In this short book, Annie Proulx (author of The Shipping News; Barkskins) relates what interests her most about these often misunderstood landscapes, which were decimated in both Europe and North America in the past few centuries. For Europeans–both at home and in nations they colonized–such wet ecosystems had little apparent value after the Middle Ages. Before that time in Europe, people had lived around and in fens, and many human bodies have been found preserved alongside the peat that such wetlands form. Proulx speculates about their lives, and traces how such areas were drained for agriculture and other land uses. More recently in North America, European settlers drained thousands of acres of swamps and bogs as they moved west, converting them to farmland as well.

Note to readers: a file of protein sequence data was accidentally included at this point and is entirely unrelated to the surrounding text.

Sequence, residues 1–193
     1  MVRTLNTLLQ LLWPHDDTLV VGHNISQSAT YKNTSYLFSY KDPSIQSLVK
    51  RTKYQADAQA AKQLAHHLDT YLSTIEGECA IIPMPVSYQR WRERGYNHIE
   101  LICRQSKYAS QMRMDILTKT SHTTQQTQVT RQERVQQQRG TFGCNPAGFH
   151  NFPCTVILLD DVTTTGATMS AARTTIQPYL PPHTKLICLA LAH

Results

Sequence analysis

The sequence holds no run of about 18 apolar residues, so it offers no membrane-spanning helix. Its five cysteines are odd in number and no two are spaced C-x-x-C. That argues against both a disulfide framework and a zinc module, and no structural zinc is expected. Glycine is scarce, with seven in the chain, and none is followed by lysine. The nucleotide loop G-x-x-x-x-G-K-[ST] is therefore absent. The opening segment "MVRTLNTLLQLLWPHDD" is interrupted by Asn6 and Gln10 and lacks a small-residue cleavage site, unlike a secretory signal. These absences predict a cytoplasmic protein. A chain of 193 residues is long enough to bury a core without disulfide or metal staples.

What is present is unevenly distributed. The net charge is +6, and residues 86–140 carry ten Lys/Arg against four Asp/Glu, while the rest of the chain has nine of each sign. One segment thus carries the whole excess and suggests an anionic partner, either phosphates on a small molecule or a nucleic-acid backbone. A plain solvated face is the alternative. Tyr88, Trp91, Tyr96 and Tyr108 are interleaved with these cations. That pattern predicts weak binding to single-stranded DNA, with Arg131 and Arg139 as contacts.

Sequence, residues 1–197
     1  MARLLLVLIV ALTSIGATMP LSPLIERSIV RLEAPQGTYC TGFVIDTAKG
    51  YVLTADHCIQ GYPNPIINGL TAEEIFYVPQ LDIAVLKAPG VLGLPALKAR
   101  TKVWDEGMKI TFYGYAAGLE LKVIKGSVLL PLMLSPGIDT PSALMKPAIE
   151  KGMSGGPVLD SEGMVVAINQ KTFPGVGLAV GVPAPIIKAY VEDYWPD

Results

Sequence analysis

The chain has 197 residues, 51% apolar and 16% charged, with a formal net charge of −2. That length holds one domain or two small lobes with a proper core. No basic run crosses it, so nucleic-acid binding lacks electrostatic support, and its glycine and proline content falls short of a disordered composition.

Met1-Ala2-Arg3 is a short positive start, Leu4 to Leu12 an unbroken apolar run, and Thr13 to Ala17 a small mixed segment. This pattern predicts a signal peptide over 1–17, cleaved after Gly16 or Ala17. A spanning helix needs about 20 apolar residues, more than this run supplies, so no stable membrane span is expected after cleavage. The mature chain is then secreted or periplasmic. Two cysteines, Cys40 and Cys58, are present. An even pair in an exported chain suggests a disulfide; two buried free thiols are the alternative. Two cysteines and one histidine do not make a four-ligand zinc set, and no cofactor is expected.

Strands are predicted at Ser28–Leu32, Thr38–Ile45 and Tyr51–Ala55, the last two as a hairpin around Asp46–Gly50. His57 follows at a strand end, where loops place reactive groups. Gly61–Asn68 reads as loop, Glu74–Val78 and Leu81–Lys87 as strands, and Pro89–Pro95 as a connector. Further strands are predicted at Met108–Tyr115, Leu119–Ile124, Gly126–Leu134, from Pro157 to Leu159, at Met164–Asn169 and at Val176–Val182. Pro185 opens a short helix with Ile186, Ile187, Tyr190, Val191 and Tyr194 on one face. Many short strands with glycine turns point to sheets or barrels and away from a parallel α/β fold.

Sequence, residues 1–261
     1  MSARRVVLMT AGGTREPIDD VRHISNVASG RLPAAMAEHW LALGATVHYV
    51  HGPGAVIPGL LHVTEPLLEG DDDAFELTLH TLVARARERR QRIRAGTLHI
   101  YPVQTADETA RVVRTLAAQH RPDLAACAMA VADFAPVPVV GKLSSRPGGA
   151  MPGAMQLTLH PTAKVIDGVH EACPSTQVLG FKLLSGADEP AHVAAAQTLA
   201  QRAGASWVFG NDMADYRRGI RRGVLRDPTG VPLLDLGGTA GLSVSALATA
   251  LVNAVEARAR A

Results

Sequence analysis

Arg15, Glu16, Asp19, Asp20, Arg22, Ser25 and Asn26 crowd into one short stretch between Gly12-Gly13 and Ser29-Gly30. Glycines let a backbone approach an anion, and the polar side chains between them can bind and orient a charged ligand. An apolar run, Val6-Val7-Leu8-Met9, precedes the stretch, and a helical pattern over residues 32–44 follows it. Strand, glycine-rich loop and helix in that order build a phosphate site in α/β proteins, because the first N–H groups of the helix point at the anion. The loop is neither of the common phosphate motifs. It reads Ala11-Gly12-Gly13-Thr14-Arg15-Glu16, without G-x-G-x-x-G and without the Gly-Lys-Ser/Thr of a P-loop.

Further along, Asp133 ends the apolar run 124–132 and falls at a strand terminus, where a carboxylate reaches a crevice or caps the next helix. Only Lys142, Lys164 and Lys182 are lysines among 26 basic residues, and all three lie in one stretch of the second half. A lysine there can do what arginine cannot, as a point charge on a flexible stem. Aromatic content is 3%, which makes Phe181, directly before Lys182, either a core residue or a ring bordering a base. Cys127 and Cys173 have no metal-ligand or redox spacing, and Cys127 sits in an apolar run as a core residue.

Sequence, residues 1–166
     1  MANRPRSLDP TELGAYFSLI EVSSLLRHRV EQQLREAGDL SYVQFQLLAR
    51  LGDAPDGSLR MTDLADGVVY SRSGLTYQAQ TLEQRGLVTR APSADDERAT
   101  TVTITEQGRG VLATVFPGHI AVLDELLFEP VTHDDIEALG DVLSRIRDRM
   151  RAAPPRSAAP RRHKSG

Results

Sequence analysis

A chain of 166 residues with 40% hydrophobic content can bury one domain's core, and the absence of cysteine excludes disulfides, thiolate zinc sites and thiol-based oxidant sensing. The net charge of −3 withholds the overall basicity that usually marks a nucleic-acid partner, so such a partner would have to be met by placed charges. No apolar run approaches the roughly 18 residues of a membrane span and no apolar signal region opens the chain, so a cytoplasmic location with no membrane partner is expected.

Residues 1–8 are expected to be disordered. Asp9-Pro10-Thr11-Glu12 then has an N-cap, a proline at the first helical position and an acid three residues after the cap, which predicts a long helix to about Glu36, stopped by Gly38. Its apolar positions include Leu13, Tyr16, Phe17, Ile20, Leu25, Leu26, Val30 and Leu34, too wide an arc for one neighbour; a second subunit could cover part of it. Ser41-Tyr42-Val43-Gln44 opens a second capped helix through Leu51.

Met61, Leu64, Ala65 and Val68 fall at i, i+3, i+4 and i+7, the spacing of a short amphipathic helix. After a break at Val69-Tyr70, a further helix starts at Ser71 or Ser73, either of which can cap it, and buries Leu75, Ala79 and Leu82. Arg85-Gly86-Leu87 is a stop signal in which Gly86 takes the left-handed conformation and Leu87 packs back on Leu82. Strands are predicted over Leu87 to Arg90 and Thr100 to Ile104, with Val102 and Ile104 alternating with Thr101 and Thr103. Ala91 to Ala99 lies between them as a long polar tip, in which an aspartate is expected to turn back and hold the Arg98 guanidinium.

Fen, Bog and Swamp makes clear how–before people even began burning fossil fuels–they set the stage for a rise in atmospheric carbon dioxide and methane by changing Earth’s surface dramatically. In destroying wetlands, humans rid themselves of a superior method of carbon capture: the formation of peat by compressing plant material and allowing it to decompose under water. Without these natural sponges the Earth’s resilience to greenhouse gas emissions is compromised. Wetlands also, of course, support great biodiversity, especially of insects and birds. Without wetlands, many, many species cannot thrive.